Kripke: [One] thing that this little break has afforded us – which is a first-time luxury for me – is the ability to take a breath, look at what we've done, really analyze it, and make adjustments. Because usually you're in such triage from beginning to end, and I think if we learned any one thing, I think we did a lot of things right. I think the characters are amazing, the actors are killing it, but I felt like we could pick up the pace of the stunning revelations. I felt that maybe the pace of the shocking surprises was a little bit too slow in the first half, if I was being hard on myself, and that we really wanted to have a second half that was bigger and better and more exciting and more revelations, all at the same time, still maintaining the format where there's that kind of myth and that kind of story, but there's also self‑enclosed episodes, and I'm still really a believer in that. It's really designed for a viewer to be able to pop in and pop out, and I think walking that balance has been successful for us, but just basically making it more shocking more often.

Every show starts off with the best intentions of doing what it does, and over the course of usually the first half of the first season, if a show is lucky, it finds its balance and its rhythm. And that's true on screen, what the audience is seeing, and certainly true behind the scenes with the crew. We have been blessed with an extraordinary crew that really looks out for and anticipates what might be coming down the pike. So we are really lucky, not only to have a great cast, but also to have an amazing crew, you know, locally for this show, and we are grateful that that rhythm was found so early.

What's important to remember about the show is it's an entire world and we're only 10 episodes in. The focus which we've seen so far has actually been very limited within the Monroe Republic, and in the second half, slowly but surely we start to expand the world, and we cross the border into the Georgia Federation, for instance – another nation – and we see they have many of those things that the Monroe Republic doesn't, and there's very specific reasons for that, and then we go west. It's about expanding the world and it's about seeing that it's all of a piece and that we're teasing it out at a very deliberate pace because we want everyone to really explore the world in an effective way.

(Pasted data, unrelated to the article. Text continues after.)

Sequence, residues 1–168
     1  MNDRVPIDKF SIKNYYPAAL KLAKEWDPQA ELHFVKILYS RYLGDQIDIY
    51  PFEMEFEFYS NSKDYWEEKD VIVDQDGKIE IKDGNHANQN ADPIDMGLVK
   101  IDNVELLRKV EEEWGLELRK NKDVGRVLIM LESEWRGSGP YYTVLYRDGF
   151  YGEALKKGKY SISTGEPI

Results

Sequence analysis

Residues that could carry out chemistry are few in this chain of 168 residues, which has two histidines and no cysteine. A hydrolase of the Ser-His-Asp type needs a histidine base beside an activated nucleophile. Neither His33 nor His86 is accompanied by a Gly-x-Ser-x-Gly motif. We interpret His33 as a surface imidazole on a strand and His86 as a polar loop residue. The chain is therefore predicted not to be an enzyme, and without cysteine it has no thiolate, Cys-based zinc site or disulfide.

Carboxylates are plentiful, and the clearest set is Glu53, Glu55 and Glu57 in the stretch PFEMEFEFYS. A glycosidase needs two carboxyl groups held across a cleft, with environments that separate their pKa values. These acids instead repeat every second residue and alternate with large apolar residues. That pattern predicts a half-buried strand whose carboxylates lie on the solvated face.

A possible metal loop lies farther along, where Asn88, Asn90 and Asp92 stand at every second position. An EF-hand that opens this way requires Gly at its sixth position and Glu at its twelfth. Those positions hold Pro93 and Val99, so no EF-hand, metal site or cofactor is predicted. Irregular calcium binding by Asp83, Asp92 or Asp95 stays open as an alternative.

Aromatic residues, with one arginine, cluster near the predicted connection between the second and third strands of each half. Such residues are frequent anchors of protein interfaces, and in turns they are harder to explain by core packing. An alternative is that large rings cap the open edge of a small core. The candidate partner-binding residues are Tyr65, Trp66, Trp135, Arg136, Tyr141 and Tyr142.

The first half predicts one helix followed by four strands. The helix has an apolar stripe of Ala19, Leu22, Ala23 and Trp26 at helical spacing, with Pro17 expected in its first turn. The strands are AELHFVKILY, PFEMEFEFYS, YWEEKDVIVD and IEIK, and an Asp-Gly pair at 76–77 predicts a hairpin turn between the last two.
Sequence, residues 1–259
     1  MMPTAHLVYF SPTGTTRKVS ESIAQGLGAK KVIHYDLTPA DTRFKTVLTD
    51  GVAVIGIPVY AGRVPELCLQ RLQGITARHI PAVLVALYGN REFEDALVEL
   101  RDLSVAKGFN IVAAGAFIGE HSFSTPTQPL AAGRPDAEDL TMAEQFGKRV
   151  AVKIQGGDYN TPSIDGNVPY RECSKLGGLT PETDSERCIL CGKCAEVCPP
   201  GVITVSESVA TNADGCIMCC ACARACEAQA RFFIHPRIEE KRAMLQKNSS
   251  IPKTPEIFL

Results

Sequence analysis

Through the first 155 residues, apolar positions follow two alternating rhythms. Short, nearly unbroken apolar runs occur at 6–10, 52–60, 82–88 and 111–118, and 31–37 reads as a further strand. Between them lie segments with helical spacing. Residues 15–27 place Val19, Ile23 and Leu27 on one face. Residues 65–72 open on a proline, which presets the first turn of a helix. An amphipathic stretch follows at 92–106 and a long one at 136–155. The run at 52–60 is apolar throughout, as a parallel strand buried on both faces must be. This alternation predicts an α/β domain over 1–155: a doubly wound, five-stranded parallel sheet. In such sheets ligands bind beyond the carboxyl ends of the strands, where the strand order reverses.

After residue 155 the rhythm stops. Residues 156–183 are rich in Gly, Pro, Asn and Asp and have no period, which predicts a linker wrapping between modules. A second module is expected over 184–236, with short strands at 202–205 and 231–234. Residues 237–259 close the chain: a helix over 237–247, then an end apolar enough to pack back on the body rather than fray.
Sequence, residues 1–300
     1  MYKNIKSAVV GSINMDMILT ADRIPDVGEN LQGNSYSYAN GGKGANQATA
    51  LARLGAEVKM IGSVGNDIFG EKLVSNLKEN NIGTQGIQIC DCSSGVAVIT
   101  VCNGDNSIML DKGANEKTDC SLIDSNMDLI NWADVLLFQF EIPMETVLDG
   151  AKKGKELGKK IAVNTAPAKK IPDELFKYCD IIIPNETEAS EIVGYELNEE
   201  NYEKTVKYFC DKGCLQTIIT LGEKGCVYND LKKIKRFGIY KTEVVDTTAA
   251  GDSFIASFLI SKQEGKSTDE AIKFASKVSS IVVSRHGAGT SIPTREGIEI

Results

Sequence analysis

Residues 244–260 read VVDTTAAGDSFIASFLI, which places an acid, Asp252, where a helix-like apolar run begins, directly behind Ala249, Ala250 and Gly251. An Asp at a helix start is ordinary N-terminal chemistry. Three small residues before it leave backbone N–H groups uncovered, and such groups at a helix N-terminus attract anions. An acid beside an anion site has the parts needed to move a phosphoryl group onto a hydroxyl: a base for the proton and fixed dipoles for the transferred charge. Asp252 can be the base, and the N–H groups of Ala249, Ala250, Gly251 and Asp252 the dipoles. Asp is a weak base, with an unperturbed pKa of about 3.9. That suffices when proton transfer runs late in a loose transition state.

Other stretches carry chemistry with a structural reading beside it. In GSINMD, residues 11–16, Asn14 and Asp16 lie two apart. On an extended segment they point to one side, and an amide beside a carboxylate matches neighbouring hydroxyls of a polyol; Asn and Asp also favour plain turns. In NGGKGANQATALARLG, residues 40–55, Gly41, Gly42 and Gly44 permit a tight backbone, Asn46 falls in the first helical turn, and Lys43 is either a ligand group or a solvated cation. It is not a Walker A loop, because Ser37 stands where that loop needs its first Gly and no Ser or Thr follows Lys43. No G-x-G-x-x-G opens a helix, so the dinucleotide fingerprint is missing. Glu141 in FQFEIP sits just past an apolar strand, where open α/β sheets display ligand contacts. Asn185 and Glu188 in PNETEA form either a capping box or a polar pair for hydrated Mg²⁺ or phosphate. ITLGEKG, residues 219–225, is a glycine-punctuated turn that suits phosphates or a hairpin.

Giancarlo Esposito:
This show has really influenced my life. I recently went out of the country and I had no cell service for five days, and it was illuminating not to have that, not to have that touch of the phone or to have that comfort in my hand. And after two days I realized that I didn't need to have that. I could rely on human and personal interaction. I'm inspired as an actor by the tidbit of information that I get because this world is so rich and so full and has been developed in such a beautiful way, and the show, don't forget, is about family.

So after spending time with my four children ‑‑ four girls from 16 to 9 ‑‑ over the Christmas break, we decided not to do anything for Christmas, not to go out. Maybe to ski. We didn't do that. Maybe to ice skate. We didn't do that. We walked. We talked. We sat. We looked at each other. We put down our technology. That came directly from the inspiration of what this show has done in my life. It's to be present. Sometimes it takes a little effort because we're busy doing many things while we're trying to do one thing.

So I find that for me the inspiration is in the show is not only to be entertaining and to represent a show that teaches us something, entertains us about not only about this world, but also about ourselves, and so my time with my family was inspired by the time in the show where I see that it's really about family coming together, moving apart, understanding each other, discussing, talking, and figuring out how we're able to renew ourselves, and our thirst for this connection once again.